Friday, February 13, 2009

The Washington Post Raises Questions about Rwanda's Intent

Stephanie McCrummen has a good piece in today's Washington Post about Rwanda's real motives for entering the Congo. Money grafs:
Although the two Rwandan invasions [in 1996 and 1998] were devastating for the Congolese, they were hugely beneficial for Rwanda, which is still struggling to rebuild after the 100 days of well-planned violence in 1994 when Hutu extremists killed an estimated 800,000 Tutsis and moderate Hutus. Many Rwandans became involved in the lucrative mineral trade out of eastern Congo after the genocide, and some observers speculate that the current military operation aims to solidify Rwanda's economic stake in the region.

"It was a period of great economic boom for Rwanda -- a lot of people got rich, including military officers," [HRW's Alison] Des Forges said, adding that the current military operation could help Rwandan President Paul Kagame relieve internal pressures on his government, which allows little room for dissent. "Presumably, if the troops were back in Congo for a substantial period of time, they could expect to reap certain benefits. It could also be beneficial for Rwanda to have greater control over economic resources than they've had before."
McCrummen reports that Rwanda was deeply embarrassed after the UN report came out in December documenting that country's close ties to the rebel movement led by Laurent Nkunda, accused of committing numerous human rights abuses. Pressure mounted on Rwanda to cut its ties to Nkunda and resolve its differences with Congo. At stake were hundreds of millions of dollars from the European Union, the World Bank and other donors.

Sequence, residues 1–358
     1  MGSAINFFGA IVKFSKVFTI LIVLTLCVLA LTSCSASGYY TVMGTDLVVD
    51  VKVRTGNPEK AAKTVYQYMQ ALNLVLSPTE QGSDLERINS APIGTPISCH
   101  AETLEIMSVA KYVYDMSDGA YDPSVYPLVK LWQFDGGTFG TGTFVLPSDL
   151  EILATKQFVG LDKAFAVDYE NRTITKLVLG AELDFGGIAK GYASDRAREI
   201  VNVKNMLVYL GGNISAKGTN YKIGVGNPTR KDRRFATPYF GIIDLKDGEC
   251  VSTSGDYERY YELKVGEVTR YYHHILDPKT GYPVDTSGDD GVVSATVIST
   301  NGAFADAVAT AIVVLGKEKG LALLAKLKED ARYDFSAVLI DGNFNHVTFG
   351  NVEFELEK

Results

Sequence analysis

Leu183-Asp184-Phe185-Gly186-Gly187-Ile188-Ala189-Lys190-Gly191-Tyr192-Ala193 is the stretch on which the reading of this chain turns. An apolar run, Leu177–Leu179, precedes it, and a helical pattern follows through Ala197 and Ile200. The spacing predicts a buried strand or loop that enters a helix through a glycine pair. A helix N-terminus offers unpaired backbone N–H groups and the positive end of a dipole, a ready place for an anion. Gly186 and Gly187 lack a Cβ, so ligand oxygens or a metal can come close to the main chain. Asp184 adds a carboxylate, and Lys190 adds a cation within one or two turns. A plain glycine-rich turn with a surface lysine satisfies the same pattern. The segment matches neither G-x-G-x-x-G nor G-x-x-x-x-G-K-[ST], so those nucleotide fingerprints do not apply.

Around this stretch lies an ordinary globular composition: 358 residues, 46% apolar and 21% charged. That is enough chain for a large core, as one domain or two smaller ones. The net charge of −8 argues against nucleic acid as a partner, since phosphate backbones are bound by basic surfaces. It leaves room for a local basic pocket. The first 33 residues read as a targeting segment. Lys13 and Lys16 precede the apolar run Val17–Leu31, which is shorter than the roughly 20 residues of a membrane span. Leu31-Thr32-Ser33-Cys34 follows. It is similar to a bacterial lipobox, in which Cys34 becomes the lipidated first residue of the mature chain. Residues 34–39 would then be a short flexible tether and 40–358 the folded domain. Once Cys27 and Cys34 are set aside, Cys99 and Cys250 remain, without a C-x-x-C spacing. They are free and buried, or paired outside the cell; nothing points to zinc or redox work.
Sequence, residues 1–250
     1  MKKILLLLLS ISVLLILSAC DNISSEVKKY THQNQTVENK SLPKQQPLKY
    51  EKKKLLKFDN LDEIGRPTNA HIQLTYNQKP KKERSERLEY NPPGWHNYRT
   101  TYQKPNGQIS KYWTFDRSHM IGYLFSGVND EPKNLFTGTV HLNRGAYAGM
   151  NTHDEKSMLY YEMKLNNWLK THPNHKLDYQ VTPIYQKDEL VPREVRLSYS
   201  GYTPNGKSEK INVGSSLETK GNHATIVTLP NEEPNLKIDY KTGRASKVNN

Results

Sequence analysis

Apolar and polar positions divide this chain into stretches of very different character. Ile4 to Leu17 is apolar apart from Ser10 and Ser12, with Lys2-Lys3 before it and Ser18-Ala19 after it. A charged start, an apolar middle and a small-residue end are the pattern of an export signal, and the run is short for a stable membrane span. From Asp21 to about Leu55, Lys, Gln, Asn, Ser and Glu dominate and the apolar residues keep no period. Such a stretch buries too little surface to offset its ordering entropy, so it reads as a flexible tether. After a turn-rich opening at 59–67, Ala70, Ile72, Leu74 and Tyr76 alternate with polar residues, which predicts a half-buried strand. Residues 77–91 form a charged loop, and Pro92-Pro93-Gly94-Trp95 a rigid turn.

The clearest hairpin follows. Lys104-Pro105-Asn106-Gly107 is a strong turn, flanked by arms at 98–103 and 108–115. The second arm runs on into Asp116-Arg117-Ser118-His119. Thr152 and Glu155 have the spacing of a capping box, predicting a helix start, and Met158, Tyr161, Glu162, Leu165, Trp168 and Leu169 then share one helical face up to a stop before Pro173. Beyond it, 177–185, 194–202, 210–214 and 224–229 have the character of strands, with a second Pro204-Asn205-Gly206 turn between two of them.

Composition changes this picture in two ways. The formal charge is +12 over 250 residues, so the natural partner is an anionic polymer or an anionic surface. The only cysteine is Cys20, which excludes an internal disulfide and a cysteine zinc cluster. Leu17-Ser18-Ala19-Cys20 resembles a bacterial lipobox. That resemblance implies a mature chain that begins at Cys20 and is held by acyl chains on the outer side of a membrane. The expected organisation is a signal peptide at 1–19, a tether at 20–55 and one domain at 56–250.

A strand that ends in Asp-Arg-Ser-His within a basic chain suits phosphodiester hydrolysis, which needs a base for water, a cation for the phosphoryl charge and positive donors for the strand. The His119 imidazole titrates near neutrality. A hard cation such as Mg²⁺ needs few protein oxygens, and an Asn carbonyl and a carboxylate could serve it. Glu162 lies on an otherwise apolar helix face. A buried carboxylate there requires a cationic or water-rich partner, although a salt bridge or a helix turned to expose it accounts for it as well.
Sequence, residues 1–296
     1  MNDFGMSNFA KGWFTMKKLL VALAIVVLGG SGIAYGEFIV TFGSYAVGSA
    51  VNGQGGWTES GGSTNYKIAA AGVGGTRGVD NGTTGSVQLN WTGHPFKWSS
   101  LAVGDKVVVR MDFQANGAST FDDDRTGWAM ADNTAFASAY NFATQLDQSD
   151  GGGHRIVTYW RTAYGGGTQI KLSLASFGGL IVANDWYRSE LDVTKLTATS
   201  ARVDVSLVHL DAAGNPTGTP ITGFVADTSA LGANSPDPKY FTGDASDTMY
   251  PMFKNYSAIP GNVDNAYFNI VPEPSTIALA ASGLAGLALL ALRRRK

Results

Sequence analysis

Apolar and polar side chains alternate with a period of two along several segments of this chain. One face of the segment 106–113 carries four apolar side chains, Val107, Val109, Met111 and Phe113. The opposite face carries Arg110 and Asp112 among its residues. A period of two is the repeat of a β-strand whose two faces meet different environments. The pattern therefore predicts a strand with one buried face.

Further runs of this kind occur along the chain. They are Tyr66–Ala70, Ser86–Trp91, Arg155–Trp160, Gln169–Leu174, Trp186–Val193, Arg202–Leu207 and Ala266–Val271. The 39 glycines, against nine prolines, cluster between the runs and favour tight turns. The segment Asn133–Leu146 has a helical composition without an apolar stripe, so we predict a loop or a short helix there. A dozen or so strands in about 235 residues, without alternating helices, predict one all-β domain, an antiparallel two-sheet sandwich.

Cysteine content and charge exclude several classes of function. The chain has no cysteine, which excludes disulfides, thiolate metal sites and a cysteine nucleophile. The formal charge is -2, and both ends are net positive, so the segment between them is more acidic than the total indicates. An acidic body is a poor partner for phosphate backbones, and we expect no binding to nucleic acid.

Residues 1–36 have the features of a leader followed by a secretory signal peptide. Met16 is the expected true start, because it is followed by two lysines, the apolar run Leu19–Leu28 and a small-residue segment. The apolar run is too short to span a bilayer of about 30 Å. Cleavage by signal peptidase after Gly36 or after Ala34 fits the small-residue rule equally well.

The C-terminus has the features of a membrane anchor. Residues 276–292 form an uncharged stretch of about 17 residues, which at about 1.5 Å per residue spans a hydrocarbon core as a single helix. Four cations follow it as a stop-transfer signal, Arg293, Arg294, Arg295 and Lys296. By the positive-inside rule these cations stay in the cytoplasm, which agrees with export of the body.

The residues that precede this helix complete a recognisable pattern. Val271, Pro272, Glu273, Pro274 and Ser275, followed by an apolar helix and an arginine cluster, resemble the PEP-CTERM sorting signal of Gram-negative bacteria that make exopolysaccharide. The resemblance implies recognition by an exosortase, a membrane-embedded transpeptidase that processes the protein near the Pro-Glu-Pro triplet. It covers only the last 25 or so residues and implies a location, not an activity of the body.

That money is supposed to be officially released next month, when Rwanda and Congo restore full diplomatic relations. McCrummen reports that a number of Western diplomats are buying the official line coming out of Kigali, that "Congo's deal with Rwanda represents a mature realization by Kabila and Kagame that their interests are better served by working together officially, rather than through rebel proxies."

But Des Forges points to some flaws in the official account. As recently as October, Rwandan officials had cast the militia as "a Congolese problem," saying it did not pose an immediate military threat to Rwanda. "Is the FDLR now suddenly on the verge of becoming more militarily powerful? I don't think we've seen that," she said. "And if they haven't, then what you have is Rwanda trotting out an old warhorse of an excuse to go in again. The question is, what is the intent?"

Des Forges has been proven right so many times in the past that you'd think the Western diplomats and bankers who oversee the Great Lakes would take heed. But they won't. It's so much more convenient to believe the government line. In Greek mythology, Cassandra was fated to be ignored only once, when she warned the city elders about the Trojan Horse; it has been Des Forges' fate to be ignored over and over again.

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